“I’ll try. He won’t go.”

Louis, as usual, refuses his outing and remains in bed while Margaret and Julie sit on the couch, Margaret watching game shows, Julie nodding off and complaining of boredom while staring at her phone. Every so often, Margaret reminds her that today isn’t typical—there will be constant work once Terry comes back.

“Sometimes the phone will ring twenty, thirty times a day,” Margaret tells Julie without moving her eyes from TV, coveting the cruise prize. “There’s doctor’s appointments.” What else? “Deliveries, groceries, family visits. You’re lucky Terry is out today. Enjoy the break because some days you’re dealing with serious stuff. Ever seen a seizure?” Margaret exaggerated. Some days she lounges half her shift. Though it’s true: caregiving is exhausting. Keeping track of Louis’s and Terry’s schedules. Keeping her ears alert for the suction of the refrigerator door, the rustle of kitchen drawers. Louis avoids calling attention to himself. The mild-to-moderate level of support he requires is due mostly to his fragile frame, his need for the walker he hates. Terry, though, she will eat all day if unmonitored. Not only food. She has pica, an appetite for non-nutritive substances, likes to tear cling wrap and sandwich bags between her teeth.

What scares Margaret is that any day she may hear a thud: Louis may fall while attempting to navigate the apartment without his walker or Terry may collapse during an epileptic attack. She hasn’t had one in years. Margaret believes the agency should credit her for this period of remission. First month on the job, after calling the ambulance more than a couple of times, she studied Terry’s medical records, researched treatments, and in the doctor’s office, she jotted notes, asked questions, made sure the physicians maintained the proper medications, gradually adjusting drugs and dosages when necessary. While raising Brenda and Luke, Margaret was often surprised and delighted to notice the various ways this job had prepared her for aspects of parenthood she hadn’t anticipated.

She checks the wall clock. Damn. Came in late and still she has seven hours left. The night guy complained. “We can’t do this every week,” he said this morning. “Buy an alarm clock if you can’t remember to plug in your phone before bed.” His eyes were red. He covered his bald head with a snapback and grumbled as he collected his food. “I’m getting old, too, you know. I can’t keep staying late, working fourteen, fifteen-hour shifts, waiting for you to relieve me.”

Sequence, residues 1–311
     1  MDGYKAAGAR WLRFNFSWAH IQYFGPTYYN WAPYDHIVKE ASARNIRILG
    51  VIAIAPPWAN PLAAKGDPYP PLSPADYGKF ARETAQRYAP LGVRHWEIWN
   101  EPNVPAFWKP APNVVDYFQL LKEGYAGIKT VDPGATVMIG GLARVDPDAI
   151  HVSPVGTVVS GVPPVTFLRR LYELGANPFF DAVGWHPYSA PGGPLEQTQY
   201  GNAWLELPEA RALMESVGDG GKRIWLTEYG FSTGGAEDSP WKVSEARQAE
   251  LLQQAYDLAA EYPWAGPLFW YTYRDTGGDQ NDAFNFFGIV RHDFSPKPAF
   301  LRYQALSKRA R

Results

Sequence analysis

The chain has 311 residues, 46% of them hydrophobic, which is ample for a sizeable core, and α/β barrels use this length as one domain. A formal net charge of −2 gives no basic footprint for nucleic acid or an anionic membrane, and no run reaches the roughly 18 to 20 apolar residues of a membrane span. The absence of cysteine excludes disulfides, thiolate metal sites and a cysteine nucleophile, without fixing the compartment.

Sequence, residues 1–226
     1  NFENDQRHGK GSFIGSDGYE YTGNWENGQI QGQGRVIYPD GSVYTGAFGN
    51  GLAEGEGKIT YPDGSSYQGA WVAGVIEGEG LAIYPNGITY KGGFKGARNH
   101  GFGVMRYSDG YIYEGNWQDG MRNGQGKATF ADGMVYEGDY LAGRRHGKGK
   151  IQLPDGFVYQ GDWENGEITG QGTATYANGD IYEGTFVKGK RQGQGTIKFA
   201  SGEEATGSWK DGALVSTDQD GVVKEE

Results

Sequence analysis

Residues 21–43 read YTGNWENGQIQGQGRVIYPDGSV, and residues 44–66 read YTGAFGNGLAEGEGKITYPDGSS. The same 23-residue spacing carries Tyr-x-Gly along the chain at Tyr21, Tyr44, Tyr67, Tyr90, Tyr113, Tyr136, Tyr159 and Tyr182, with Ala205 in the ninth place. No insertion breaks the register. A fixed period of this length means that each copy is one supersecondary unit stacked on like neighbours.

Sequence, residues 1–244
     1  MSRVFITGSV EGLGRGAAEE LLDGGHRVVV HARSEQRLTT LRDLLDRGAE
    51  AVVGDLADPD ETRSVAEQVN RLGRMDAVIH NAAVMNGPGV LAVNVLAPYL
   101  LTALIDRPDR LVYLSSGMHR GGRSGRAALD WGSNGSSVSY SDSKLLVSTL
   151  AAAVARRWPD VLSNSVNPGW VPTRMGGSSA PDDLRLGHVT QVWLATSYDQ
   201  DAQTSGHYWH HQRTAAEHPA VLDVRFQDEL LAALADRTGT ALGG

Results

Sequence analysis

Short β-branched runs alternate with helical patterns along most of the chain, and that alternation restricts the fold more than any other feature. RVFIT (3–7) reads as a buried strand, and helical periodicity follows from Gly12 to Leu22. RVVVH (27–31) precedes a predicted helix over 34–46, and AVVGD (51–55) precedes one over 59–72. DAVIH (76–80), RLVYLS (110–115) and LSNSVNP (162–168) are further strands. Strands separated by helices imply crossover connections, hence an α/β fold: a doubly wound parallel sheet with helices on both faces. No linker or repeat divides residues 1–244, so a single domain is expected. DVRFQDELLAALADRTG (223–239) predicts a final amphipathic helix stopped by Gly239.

“I plugged in my phone,” Margaret said. Watching him stuff a lunch box into his duffel bag, she realized she’d rushed out of the house without packing hers. “But I dropped it earlier and didn’t realize it was broken. Toughen up, Sam. I’ve got at least a good five years on you, easy.”

Around noon, Margaret walks Terry’s and Louis’s rent checks to the leasing office. When she returns to the apartment, Louis is sitting on his rocking chair, a maroon cushion beneath him, aiming a frown at the clock hanging above the door. A zipped-up windbreaker conceals his polo. Julie stands up from the desk, closes the laptop, grins.

“I got him out of bed,” she says. “Guess how. Hide and seek. I promised him I’d play if he got up for his outing. Ready for the park, Louie?”

“Hide and seek?” Margaret says. “He’s as old as your grandfather.” Julie fucking up the day. What should have been downtime has become an outing. Now Margaret actually has to do something. She picks up a comb from the bookshelf and sweeps it through Louis’s thin hair.

“Stay awake,” Margaret tells Julie as she follows Louis’s pokey self out the front door. “I want his lunch and meds on the table before we get back.”

“You forgot the first aid kit,” Julie says, causing Margaret to pause in the doorway. “We have to take it every outing, remember?”

Margaret did forget. Having slipped into a routine—shower, meds, breakfast, documentation, game shows, outings, lunch, documentation, dinner, game shows, chores, more documentation—she forgot, as she often forgets, about support plans and first aid kits. “Of course I have a first aid kit,” she says. “In the glove box, same place you should keep yours.”


Not once in the two decades she’s devoted to this job has Margaret felt any guilt for running personal errands while on the clock. She’ll have no energy after work. Once Louis is buckled in the backseat of her station wagon, she makes her stops: an automatic car wash, the pharmacy drive-thru, where she picks up her arthritis pills. A left on Harrison and she imagines she’s retired. Cruising through town, avoiding the freeway, lengthening her time away from the apartment. Twelve hours cooped up in that apartment makes her long for her own home, whether or not she has it to herself. For a moment she imagines she’s steering an RV, furnished with everything she owns, having donated and sold excess belongings—the junk Roy and the kids left behind: the stacks of boxes crowding her garage. She only wants the essentials, the necessary household items that will fit neatly in her mobile home.